Hiking at Oil Creek State Park
52 miles of trails
The hiking and interpretive trails lead visitors through areas rich in historic and scenic interest. Trail maps and information are available at the park office.
Mountain bikes and horses are prohibited on hiking trails.
If you find yourself lost, travel downhill to the bicycle trail or Oil Creek and follow either upstream to Drake Well or downstream to the park office at Petroleum Centre.
The railroad running along Oil Creek is an active line. Caution: Stay off of the tracks at all times.
Blood Farm Interpretive Trail
Spend 30 minutes walking through the 440-acre Blood Farm oil lease. This farm produced more oil than all of the other farms in the oil region in 1861 and 1862. Learn about 15 years of frantic drilling, gushing oil, and devastating fires. Interpretive signs throughout the trail will guide your tour.
Along the 0.7-mile long trail can be seen changes that have happened throughout the valley.
Petroleum Centre Walking Tour
Petroleum Centre flourished from 1863 to 1870 on its twin livelihoods of oil and entertainment. This company town had no government, law enforcement, sanitation, or public works. It was reputed to the “wickedest town east of the Mississippi!” Start at the Petroleum Centre Amphitheater for this 45-minute self-guiding tour.
Wildcat Hollow Trails
Hike the “wickedest hollow east of the Mississippi!” on these short, easy hiking trails.
Large glacial boulders and beautiful views can be explored while wondering this scenic trail.
A wide variety of hard- and softwood trees can be viewed along this trail. Many trees are well over 100 years old.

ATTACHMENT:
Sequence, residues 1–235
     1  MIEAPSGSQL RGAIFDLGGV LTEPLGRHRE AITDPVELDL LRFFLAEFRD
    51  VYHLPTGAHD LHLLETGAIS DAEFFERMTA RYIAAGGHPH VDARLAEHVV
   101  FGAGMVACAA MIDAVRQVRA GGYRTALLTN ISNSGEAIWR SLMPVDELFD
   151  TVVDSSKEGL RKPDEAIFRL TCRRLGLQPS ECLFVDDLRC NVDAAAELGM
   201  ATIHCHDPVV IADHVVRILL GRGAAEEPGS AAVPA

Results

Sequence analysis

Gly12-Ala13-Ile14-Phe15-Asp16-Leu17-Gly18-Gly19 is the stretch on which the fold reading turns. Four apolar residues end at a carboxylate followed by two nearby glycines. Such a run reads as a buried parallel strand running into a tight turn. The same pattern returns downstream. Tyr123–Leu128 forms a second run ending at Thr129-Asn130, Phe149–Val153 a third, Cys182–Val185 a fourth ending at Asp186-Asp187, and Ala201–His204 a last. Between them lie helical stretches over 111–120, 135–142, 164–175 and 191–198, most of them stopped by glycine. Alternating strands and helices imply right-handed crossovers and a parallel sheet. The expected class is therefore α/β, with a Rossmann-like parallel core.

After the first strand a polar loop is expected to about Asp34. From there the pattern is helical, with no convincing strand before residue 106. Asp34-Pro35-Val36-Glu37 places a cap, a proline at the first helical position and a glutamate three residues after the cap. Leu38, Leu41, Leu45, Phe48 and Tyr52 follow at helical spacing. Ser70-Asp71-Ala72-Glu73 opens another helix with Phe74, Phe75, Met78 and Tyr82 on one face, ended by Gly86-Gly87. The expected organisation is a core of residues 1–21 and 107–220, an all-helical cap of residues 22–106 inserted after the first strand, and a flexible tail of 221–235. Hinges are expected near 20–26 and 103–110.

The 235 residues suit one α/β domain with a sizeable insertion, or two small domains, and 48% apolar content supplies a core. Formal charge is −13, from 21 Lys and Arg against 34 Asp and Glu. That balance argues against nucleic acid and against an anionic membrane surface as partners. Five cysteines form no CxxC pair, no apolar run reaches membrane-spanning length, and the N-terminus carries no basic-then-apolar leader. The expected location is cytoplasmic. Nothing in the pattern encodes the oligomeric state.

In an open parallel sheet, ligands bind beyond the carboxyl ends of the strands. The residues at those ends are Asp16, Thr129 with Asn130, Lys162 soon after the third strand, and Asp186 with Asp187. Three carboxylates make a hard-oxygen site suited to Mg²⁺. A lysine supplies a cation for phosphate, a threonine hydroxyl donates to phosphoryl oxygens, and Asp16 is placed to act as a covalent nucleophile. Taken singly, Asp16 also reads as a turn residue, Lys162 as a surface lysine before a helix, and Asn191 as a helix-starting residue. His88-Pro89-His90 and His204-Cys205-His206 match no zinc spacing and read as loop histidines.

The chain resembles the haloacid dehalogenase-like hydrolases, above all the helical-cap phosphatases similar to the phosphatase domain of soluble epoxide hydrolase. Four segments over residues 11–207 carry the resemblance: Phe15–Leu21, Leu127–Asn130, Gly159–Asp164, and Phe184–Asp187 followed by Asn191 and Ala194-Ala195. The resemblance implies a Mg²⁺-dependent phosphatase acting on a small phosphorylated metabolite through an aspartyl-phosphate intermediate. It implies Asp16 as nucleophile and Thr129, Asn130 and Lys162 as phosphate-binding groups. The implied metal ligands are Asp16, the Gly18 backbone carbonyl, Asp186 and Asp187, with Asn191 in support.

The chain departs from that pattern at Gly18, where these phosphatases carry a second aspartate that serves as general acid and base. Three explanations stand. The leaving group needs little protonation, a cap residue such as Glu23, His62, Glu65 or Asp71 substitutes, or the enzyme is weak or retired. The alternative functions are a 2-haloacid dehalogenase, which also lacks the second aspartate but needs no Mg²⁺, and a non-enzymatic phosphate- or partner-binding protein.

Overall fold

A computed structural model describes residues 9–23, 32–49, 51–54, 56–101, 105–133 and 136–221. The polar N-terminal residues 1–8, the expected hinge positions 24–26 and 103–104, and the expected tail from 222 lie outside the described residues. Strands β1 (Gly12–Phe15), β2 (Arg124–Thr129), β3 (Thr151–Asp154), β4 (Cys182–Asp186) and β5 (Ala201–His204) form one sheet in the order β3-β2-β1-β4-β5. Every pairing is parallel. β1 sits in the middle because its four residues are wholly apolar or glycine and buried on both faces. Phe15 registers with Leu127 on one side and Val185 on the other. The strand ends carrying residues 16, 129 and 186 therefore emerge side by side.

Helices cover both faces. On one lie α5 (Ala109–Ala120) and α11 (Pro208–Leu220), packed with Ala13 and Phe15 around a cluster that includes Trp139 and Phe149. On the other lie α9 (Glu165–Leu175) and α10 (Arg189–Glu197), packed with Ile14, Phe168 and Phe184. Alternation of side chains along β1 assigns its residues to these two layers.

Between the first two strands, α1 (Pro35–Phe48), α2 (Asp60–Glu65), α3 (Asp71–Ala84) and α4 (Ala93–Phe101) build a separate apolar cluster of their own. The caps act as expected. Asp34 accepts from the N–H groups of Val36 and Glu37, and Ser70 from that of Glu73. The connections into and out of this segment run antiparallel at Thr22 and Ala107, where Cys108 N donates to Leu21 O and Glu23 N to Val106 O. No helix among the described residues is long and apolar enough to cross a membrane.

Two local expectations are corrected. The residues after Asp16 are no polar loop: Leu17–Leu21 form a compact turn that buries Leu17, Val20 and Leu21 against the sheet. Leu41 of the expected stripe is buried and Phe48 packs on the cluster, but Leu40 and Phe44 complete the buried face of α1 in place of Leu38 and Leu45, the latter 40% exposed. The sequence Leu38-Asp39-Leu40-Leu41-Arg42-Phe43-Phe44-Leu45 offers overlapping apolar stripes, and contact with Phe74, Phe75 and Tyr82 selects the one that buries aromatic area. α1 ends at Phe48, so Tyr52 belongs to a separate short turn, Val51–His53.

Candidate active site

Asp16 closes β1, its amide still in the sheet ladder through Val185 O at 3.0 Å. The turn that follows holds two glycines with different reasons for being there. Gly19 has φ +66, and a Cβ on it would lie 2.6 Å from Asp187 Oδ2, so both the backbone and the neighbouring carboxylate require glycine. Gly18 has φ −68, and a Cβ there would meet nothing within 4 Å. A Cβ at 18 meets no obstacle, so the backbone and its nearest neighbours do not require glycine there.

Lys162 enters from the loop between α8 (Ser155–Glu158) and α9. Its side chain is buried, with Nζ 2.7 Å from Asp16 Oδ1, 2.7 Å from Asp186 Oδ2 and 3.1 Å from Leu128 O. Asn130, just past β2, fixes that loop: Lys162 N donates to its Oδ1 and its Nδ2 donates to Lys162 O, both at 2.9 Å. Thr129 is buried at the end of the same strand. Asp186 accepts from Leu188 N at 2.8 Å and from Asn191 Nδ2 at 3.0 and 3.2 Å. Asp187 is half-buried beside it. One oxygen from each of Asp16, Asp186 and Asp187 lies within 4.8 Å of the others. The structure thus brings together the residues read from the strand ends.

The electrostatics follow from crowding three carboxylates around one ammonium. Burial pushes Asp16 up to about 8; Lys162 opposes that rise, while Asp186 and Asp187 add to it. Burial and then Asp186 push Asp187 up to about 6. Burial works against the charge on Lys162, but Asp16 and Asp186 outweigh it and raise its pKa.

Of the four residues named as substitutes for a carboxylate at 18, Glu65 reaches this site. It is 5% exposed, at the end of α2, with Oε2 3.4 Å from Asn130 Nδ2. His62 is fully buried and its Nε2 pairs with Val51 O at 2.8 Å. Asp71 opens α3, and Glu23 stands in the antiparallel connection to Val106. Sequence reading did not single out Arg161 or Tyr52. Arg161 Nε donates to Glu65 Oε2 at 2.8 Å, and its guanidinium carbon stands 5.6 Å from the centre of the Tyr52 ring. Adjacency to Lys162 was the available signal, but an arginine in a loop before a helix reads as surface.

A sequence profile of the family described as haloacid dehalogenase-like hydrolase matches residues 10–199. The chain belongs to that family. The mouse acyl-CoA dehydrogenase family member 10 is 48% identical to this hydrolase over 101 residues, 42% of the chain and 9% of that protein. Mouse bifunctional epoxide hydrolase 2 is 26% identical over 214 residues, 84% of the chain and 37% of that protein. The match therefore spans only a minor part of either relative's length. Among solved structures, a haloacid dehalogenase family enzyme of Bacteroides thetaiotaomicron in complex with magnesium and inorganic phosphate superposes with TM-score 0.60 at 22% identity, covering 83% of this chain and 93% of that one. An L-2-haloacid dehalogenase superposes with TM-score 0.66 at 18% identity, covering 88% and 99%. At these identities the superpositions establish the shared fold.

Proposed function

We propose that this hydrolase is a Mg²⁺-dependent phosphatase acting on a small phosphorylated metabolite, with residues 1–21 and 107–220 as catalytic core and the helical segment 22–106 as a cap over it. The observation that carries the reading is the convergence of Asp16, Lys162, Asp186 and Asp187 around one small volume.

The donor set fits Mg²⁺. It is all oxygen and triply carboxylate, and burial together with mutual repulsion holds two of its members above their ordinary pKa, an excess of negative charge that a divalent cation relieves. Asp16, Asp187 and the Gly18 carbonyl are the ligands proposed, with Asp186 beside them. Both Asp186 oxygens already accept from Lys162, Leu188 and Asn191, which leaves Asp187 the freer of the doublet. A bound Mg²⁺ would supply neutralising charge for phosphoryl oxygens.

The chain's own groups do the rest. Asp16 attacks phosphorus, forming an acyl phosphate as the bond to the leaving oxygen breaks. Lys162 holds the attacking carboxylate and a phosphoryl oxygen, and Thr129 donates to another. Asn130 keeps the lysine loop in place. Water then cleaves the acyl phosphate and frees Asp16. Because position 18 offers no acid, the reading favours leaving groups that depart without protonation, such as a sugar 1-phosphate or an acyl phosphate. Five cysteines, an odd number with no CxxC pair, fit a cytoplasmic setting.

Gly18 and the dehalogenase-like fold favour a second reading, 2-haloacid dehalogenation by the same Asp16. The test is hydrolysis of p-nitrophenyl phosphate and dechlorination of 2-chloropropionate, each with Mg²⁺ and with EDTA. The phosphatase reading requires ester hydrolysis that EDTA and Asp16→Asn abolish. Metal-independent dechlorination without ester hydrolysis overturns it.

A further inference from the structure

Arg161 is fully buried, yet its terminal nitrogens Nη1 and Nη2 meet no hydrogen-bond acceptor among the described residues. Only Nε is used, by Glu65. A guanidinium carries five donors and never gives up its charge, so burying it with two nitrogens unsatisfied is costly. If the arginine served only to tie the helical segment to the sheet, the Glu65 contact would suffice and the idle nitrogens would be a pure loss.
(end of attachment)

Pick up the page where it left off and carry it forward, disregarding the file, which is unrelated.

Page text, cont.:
Oil History Trail
Relics from the oil boom can still be found along this quiet walk, including a rare “Wolf Rig.”
Enjoy a relaxing stroll around one of Oil Creeks wetland areas. A wide variety of interesting plant and animal species call this area home.
Gerard Hiking Trail
This 36-mile long trail encompasses the entire park. The main trail is marked with yellow paint blazes.
For shorter day hikes, use the five connecting loops blazed in white.
Parking areas are available at several access points.
Scenic vistas, waterfalls, and historic sites are prevalent along the trail.
Two overnight hike-in shelter areas (Cow Run and Wolfkiel Run) are along the trail. Each area contains tent sites, six Adirondack-style shelters with fireplaces, restrooms, and seasonal water supply. A fee and reservations are mandatory for use of these areas and overnight usage is limited to one night per shelter site.
Fires are only permitted in camp stoves, fireplaces, or designated locations and must be extinguished when unattended. Standing timber and shrubs must not be defaced. Camping is permitted in shelter areas only. Other special regulations pertain to these areas. Contact the park office for further information.
Pets are permitted at the shelter areas. Please contact the park office for guidelines for pets.